BCG: The Internet is taking over the job search process

26 January 2016

Finding a new job can be a daunting experience, requiring considerable research and well-presented applications. New research by BCG highlights that the preferred method for finding new jobs is now internet job sites, with the traditional paper-based vacancy search more often than not, the fourth most successful method. The research further finds that the length of time taken to finding a new job is correlated to a country’s economic growth, with people in regions of >2% economic growth taking on average 5 fewer weeks to find a job.

In its recently released ‘Channels, Search Time, and Income Change’ report, the Boston Consulting Group (BCG) researches the key job seeker trends. The firm’s survey involved 13,000 people from 13 countries, representing around 59% of the roughly 3 billion people employed globally today. The majority of the respondents are in their 20s and 30s. A quarter (26%) of respondents has a college degree, while 74% holds a high school diploma or less. Only people seeking employment opportunities (for instance, as company employees and officers, temporary staff, and public officials) have been included.

Survey demographics

Internet search
Finding a job is a complex processes involving a wide range of factors, many of which are conditioned by local economic and political factors. According to the research findings, the way in which people seek employment within their respective ecosystems varies considerably, and is itself undergoing considerable change with respect to the past thirty to forty years.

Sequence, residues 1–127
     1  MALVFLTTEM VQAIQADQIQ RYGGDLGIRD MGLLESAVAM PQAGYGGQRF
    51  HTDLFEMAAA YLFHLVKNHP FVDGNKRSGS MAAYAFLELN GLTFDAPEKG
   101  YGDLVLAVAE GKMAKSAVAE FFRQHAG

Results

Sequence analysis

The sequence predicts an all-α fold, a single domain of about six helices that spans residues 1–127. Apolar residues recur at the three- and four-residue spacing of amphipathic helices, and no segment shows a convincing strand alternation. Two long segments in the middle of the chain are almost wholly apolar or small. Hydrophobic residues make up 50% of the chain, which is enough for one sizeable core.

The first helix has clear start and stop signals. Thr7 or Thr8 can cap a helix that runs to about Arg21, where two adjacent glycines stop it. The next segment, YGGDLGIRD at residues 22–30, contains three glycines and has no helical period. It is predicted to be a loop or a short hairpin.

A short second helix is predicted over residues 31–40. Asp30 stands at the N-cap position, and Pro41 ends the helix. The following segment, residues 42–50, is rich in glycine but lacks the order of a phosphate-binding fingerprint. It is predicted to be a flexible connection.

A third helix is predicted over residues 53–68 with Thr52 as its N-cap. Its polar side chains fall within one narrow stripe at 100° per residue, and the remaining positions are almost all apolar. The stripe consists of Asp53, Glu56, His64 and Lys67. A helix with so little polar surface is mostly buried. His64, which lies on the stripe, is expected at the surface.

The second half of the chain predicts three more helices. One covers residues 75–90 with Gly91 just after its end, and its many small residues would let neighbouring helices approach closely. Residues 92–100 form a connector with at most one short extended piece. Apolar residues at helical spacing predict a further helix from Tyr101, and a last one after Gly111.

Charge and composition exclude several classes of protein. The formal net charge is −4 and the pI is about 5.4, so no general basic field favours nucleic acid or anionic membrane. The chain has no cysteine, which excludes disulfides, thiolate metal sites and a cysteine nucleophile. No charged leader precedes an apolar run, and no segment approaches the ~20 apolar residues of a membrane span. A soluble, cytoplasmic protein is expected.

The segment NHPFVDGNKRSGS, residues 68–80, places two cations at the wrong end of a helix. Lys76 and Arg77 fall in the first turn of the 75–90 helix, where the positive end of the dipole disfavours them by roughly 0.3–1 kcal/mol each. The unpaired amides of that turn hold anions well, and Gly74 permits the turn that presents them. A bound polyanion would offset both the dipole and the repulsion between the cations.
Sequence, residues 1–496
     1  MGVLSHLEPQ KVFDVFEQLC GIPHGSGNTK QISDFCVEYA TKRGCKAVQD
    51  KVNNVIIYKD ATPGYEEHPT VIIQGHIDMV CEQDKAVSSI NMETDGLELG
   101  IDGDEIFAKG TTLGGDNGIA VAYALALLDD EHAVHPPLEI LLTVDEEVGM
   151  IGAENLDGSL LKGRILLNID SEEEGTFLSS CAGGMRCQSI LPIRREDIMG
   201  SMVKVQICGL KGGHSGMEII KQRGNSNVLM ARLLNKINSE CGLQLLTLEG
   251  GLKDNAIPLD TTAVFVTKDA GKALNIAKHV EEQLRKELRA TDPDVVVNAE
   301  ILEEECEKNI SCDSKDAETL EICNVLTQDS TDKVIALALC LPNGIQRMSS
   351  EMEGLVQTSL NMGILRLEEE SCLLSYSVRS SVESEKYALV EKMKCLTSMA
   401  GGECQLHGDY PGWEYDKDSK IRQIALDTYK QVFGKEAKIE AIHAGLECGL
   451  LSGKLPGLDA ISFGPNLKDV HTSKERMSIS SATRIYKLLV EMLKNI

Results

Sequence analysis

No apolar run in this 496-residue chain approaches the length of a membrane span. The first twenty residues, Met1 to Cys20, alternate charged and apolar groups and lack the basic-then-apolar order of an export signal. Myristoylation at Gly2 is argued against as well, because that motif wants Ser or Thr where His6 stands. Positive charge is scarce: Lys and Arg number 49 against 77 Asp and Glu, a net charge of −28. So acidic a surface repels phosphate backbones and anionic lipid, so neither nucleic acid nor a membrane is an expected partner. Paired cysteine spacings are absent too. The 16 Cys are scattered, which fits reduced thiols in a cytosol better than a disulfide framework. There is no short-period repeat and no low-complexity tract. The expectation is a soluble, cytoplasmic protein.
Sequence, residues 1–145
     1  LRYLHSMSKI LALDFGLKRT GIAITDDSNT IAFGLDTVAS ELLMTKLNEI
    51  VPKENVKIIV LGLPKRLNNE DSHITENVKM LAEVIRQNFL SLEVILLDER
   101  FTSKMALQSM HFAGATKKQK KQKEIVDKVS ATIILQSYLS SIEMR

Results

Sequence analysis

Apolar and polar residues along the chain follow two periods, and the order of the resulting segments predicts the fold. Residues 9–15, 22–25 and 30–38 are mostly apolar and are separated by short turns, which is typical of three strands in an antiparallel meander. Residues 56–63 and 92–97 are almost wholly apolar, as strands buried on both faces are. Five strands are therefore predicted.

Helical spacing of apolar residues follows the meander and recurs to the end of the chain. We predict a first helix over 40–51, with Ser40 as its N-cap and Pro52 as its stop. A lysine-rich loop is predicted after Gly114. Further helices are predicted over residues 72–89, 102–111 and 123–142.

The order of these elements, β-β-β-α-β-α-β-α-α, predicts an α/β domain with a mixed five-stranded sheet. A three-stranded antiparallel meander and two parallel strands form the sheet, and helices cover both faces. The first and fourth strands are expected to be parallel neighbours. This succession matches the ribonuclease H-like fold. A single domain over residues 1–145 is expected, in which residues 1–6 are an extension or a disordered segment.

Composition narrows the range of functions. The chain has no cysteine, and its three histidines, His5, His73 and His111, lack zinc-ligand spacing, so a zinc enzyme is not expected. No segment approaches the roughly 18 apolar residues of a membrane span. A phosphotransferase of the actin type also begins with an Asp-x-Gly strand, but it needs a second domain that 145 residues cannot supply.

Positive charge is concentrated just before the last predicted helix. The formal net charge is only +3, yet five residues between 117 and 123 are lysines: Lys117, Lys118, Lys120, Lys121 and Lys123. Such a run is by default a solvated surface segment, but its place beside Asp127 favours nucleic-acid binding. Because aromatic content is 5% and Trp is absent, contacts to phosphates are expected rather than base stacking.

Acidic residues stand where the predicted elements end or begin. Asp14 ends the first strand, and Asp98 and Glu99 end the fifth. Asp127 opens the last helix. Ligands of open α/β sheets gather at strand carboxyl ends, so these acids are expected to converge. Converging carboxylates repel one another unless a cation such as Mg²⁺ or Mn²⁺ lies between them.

Channels effectiveness ratings

In the past, job seeking tended to involve reading the newspaper’s vacancy section and sending through a paper application, or hearing about an opportunity through friends. The proliferation of digital channels has not only created new avenues, but also considerable changes in how many jobs are sought out today. Further changes have seen job searches become more standardised, whereby people find information and search for opportunities casually and efficiently.

Across the globe internet job sites are the most common way for people to search for employment opportunities, at 60% of those surveyed. Research by McKinsey & Company suggests that the online talent platform market will grow significantly in the coming years and come to add $2.7 trillion to the global GDP. The second most common job search method is referrals from family and friends at 59%. Direct inquiry comes in third at 50%, while papers now stand at 29%. Temping agencies come in second to last at 26%. The research also finds that 38% of respondents use only one channel in their search, and 26% use two.

Most effective channels for finding job

Search means
In terms of effectiveness in finding new positions, considerable variation exists across the countries surveyed. In the UK using internet job sites to find new employment is seen as the most effective (52%), followed by direct enquiry (10%). In Germany internet job sites are also viewed as the most effective (46%), followed by direct enquiry (27%). For Japanese work seekers the most effective way is internet job sites at 25%, closely followed by public services at 24%. In Brazil and Russia, Alumni networks are shown to be relatively effective, followed by internet job searches. In contrast however, in India family and friend referrals remain the main means of finding employment at 70%, while internet searches come in at 8%.